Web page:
Marco d’Aviano’s mission continued in the following years, promoting the alliance between European states for the liberation of the Balkans from Turkish oppression. In September 1686 Buda, the capital of Hungary, was freed after almost a century and a half of Ottoman domination, while in 1688 their stronghold of Belgrade was captured by the Christian army. Here, Father Marco saved the lives of eight hundred Turkish soldiers. In the meantime, he continued to devote himself to his fiery and convincing preaching, particularly in the Venetian regions. Who can ever forget his Lenten celebrations which remained well ingrained in the homiletic history of the period?  On a political level Father Marco always kept correspondence with influential people of the time, particularly by being the spiritual adviser to Emperor Leopold I who often asked for Father Marco’s precious help.

During his last trip to the capital of Austria, Father Marco d’Aviano died, consumed by fatigue, in the presence of the emperor and his wife Eleonora, holding the crucifix he always carried with him in his hands. It was eleven o’clock on 13 August 1699. He was buried in Vienna in the Capuchin church.

After a long and careful process on his Christian virtues, which were declared heroic, and after the official attribution of a miracle connected to his intercession, Blessed Mark of Aviano was elevated by St Pope John Paul II to the honor of the altars with the title of blessed at St Peter’s Square of the Vatican Basilica on April 27, 2003. Here are the words St Pope John Paul II said about Blessed Marco d’Aviano:

In a different time and context, Blessed Mark of Aviano shone with holiness as his soul burned with a longing for prayer, silence and adoration of God’s mystery. This contemplative who journeyed along the highways of Europe was the centre of a wide-reaching spiritual renewal, thanks to his courageous preaching that was accompanied by numerous miracles. An unarmed prophet of divine mercy, he was impelled by circumstances to be actively committed to defending the freedom and unity of Christian Europe. Blessed Mark of Aviano reminds the European continent, opening up in these years to new prospects of cooperation, that its unity will be sounder if it is based on its common Christian roots (no.4).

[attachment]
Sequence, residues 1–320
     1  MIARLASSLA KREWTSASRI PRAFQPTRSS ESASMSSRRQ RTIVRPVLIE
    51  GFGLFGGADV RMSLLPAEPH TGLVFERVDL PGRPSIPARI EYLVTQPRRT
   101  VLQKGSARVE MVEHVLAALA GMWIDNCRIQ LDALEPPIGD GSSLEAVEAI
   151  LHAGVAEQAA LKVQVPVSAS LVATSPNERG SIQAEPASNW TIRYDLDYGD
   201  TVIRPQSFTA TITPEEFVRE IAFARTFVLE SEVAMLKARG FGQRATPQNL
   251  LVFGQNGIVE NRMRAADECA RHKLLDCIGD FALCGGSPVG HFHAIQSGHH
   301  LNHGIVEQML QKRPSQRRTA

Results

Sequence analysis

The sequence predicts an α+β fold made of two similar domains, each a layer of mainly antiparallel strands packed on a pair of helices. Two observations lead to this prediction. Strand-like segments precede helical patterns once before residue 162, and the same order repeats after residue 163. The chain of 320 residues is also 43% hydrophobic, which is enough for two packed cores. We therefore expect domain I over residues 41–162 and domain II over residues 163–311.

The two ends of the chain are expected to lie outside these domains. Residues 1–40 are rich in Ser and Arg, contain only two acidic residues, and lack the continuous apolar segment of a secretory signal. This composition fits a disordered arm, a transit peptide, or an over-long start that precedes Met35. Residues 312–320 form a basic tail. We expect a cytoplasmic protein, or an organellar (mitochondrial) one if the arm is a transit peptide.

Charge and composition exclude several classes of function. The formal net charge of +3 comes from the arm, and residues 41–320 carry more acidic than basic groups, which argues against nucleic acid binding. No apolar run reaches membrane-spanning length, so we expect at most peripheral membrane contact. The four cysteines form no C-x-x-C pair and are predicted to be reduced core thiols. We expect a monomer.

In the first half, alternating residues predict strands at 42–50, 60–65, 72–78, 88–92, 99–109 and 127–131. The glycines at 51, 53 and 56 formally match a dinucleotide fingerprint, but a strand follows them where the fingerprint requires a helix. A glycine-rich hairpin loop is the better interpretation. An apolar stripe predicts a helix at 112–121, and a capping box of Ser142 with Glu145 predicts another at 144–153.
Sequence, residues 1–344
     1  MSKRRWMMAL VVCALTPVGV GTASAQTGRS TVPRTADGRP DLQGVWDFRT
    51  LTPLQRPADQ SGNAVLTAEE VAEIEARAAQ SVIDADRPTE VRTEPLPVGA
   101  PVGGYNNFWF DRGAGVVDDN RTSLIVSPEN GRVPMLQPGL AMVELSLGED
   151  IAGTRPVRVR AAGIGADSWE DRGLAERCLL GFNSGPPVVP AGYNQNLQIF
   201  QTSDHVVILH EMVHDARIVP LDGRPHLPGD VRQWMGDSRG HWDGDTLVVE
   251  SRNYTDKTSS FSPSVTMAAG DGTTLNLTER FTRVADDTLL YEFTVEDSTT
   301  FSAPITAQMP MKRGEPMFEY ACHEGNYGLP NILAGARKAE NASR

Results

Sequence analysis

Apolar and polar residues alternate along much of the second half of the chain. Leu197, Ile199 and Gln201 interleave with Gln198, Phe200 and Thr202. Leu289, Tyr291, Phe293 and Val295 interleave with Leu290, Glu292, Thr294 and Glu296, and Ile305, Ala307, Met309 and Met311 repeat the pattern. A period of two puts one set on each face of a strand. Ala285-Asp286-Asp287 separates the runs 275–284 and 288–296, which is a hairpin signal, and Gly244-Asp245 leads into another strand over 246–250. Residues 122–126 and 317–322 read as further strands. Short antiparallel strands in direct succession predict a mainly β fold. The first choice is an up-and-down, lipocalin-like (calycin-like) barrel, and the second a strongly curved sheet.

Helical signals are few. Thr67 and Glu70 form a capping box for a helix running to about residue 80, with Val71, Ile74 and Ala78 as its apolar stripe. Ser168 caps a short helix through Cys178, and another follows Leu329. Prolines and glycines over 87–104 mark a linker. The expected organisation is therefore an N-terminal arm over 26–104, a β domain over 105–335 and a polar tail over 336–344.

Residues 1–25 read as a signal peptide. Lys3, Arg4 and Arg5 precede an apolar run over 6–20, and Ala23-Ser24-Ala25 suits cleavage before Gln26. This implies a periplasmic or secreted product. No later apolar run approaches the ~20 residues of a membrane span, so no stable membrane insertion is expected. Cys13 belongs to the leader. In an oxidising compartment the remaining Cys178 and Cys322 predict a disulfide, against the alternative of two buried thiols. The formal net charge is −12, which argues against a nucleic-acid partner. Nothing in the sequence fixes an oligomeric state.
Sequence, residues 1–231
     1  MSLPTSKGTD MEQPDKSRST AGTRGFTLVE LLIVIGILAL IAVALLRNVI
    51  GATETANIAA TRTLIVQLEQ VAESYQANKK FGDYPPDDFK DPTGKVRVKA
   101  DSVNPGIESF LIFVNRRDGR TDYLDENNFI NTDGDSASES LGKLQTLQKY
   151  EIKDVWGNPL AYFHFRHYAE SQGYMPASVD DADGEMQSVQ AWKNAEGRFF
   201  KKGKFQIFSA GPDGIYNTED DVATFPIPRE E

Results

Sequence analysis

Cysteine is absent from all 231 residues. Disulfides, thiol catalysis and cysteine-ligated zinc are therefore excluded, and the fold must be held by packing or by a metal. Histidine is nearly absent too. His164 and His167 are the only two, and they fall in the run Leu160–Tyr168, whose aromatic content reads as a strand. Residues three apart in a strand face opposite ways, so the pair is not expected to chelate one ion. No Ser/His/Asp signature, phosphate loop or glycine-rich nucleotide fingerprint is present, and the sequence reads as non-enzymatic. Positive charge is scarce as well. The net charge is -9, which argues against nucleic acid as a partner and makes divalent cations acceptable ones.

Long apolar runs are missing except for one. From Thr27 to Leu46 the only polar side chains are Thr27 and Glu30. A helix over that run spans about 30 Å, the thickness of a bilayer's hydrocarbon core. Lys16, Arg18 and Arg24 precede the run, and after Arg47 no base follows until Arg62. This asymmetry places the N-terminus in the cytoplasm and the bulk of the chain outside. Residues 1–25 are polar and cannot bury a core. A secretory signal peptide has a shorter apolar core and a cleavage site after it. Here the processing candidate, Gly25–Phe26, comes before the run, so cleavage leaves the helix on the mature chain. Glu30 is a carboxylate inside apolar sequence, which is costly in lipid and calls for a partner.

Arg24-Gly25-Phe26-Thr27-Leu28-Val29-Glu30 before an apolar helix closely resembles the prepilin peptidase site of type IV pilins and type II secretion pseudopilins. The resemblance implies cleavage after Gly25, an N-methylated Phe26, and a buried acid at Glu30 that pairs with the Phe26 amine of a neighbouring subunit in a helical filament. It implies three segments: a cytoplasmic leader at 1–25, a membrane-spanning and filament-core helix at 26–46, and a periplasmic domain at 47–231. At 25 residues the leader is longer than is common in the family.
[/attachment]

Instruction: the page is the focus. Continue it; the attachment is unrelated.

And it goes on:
On an supplementary note, legend has it that Father Marco D’Aviano inspired the fashionable cappuccino coffee which presently is drunk by millions across the globe. It is said that following the victory over the Turkish Army, the Viennese reportedly found sacks of coffee abandoned by the enemy and, finding it too strong for their taste, diluted it with cream and honey. The drink being of a brown colour looked perfectly like our Capuchin habit. Hence, the Viennese named it cappuccino in honour of Marco D’Aviano’s order, our Capuchin Order. May those who drink the cappuccino coffee be blessed by the powerful intercession of Blessed Marco D’Aviano.

Most Holy Trinity,
Father, Son and Holy Spirit,
we worship you and give you glory
because you are the Good,
the greatest Good,
from whom all good springs forth.
You made Blessed Marco of Aviano
an Apostle of Peace, a Promoter of Unity
among the people of Europe,
a Father for the weakest and most vulnerable,
a powerful Worker of spiritual
and physical miracles.
Grant us also, through his intercession,
the same Spirit of Faith, Brotherly Love,
Harmony and Peace and the grace we implore…

Glory be to the Father…

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Fr Mario Attard OFM Cap was born in San Gwann on August 26 1972. After being educated in governmental primary and secondary schools as well as at the Naxxar Trade School he felt the call to enter the Franciscan Capuchin Order. After obtaining the university requirements he entered the Capuchin friary at Kalkara on October 12 1993. A year after he was ordained a priest, precisely on 4 September 2004, his superiors sent him to work with patients as a chaplain first at St. Luke's Hospital and later at Mater Dei. In 2007 Fr Mario obtained a Master's Degree in Hospital Chaplaincy from Sydney College of Divinity, University of Sydney, Australia. From November 2007 till March 2020 Fr Mario was one of the six chaplains who worked at Mater Dei Hospital., Malta's national hospital. Presently he is a chaplain at Sir Anthony Mamo Oncology Centre. Furthermore, he is a regular contributor in the MUMN magazine IL-MUSBIEĦ, as well as doing radio programmes on Radio Mario about the spiritual care of the sick.